Almost as soon as Jean-Luc Thunevin began making wine 10 years ago, his competitors in St-Émilion were putting him down. Someone came up with the nickname "Tue-le-Vin"--kill the wine. "What gets them," the 50-year-old Thunevin says, "is that I have a big mouth and I attract a lot of media attention." Indeed, the first time I met him, he was with a TV crew that had been following him around for a week, filming his every encounter for the popular French weekly show Capital. He has since appeared on the nightly news, and this fall he'll be the subject of a report on Envoyé Spécial, the French equivalent of 60 Minutes.
His methods are controversial, but what's beyond dispute is that Château de Valandraud, the groundbreaking St-Émilion domaine he founded with his wife, Murielle Andraud (whose name he gave it), is turning out wines that are not only getting better reviews than those of many nearby blue-chip châteaus but also--and this really rankles the long-established wineries--fetching higher prices.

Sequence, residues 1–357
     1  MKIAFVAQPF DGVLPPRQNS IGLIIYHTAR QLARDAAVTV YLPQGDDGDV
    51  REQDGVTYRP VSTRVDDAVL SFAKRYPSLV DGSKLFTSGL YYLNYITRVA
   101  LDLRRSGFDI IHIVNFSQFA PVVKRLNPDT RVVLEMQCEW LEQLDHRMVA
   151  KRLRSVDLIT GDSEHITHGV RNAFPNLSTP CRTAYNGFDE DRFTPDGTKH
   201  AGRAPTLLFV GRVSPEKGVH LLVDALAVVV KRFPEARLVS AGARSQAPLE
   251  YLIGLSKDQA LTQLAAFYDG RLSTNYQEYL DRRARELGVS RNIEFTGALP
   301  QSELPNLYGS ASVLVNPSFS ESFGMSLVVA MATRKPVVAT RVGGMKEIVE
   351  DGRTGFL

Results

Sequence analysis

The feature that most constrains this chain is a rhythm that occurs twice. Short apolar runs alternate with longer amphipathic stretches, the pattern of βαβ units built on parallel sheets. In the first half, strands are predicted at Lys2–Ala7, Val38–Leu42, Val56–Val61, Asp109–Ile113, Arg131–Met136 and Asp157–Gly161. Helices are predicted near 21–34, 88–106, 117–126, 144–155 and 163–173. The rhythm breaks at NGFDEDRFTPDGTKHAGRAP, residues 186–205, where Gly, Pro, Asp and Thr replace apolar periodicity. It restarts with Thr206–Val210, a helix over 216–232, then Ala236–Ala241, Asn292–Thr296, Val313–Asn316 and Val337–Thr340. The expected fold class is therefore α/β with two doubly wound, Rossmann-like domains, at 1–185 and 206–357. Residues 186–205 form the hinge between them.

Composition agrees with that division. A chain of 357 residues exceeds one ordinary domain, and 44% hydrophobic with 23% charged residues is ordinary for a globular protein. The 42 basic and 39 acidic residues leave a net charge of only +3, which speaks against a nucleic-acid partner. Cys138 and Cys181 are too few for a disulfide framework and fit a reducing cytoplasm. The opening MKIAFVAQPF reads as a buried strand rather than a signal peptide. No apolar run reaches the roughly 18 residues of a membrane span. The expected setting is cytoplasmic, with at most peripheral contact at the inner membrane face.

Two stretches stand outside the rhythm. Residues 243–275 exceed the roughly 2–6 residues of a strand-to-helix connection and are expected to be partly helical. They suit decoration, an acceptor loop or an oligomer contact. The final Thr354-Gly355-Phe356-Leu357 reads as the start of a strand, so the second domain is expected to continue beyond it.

In the mid-'80s, Thunevin and Andraud--he had been a bank employee and a logger, she a nurse's aide in nearby Libourne--bought a small house in the center of St-Émilion, and Thunevin opened the town's first wine bar. Before long he owned several wine bars and shops and had started a wine-brokerage firm, which now represents some 400 domaines, mostly in Bordeaux. (He has sold the wine bars.) In 1990 he bought a couple of rows of vines on the outskirts of town. The next year he turned out 1,500 bottles; because he had no money for equipment, he'd had the grapes stemmed and pressed by hand, and he stomped them with his own feet to break up the fermenting cap of skins and pips. He did the work in his garage, and thus St-Émilion's vins de garage movement was born.